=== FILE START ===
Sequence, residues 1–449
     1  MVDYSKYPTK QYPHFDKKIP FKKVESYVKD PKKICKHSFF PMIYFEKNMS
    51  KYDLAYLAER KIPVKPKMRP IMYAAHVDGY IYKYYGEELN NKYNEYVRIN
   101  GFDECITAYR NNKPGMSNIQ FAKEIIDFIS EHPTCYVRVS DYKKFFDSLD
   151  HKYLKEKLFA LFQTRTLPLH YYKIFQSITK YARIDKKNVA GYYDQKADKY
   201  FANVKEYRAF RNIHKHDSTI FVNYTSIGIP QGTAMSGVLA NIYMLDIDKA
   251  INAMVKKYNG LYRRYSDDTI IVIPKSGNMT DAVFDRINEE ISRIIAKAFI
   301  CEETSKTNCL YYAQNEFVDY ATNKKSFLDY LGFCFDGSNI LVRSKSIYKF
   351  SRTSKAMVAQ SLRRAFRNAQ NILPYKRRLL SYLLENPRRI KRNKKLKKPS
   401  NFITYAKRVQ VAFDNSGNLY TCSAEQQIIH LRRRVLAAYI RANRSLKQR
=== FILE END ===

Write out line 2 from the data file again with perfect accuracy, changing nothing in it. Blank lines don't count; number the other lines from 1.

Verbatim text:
     1  MVDYSKYPTK QYPHFDKKIP FKKVESYVKD PKKICKHSFF PMIYFEKNMS